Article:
[1] South African sports figure Oscar Pistorius’ shooting and killing his girlfriend Reeva Steenkamp in their gated community is a tragic example of the ongoing problems there. A few years ago another resident of this same gated community, a rugby player, Rudi Visagie woke to the sound of his car being driven away in the predawn hours. Opening fire upon the driver, he tragically killed his own 19-year old daughter Maryle. South Africa has one of the highest murder rates in the world and one of the highest incarceration rates (the U.S. has the highest). The paranoia that people feel and that led in likely part to Steenkamp and Maryle Visagie’s killings, by their very own loved ones, is directly linked to the fact that South Africa has not had a revolution. There are undoubtedly other dimensions to the Pistorius case, not the least of which is probably domestic violence, but that too can be linked to the fact that revolutionary changes would and must include ending the oppression of women and their being treated as the property of men.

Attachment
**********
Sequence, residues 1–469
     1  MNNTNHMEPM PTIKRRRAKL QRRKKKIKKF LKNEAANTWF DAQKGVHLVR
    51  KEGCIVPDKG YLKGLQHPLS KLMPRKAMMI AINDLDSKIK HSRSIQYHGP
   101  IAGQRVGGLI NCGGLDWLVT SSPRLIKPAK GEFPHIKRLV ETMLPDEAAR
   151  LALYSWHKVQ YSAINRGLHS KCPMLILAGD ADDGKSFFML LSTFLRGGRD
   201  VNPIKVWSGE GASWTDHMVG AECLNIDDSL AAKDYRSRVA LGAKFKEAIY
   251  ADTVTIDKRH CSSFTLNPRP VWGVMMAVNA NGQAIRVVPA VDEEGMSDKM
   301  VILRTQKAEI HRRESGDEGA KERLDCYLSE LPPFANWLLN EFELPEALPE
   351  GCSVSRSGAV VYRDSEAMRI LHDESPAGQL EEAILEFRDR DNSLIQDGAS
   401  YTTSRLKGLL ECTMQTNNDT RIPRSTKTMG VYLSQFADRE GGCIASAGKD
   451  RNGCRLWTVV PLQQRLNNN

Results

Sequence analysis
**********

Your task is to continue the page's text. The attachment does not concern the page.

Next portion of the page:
[2] Carl Von Clausewitz was a Prussian general and famous military theorist (1780-1831). In many different passages in his writings he reiterates the point that the sources of war lie in politics. For example, "War is not a mere act of policy but a true political instrument, a continuation of political activity by other means." See “Some Juicy Quotes from Clausewitz, On War,”,, accessed February 11, 2011.

[3] Frederick Douglass, “Letter to an Abolitionist Associate,” In Organizing for Social Change: A Mandate for Activity in the 1990s, eds. K. Bobo, J. Kendall, and S. Max (Washington, D.C.: Seven Locks Press, [1849] 1991), cited at “Frederick Douglass, the Accurate ‘Without Struggle/No Freedom’ Quote,”,, accessed February 13, 2011.

[4] Frederick Engels, “On Authority,” in Karl Marx and Frederick Engels,, Selected Works (Moscow: Progress Publishers, 1973), 2:379.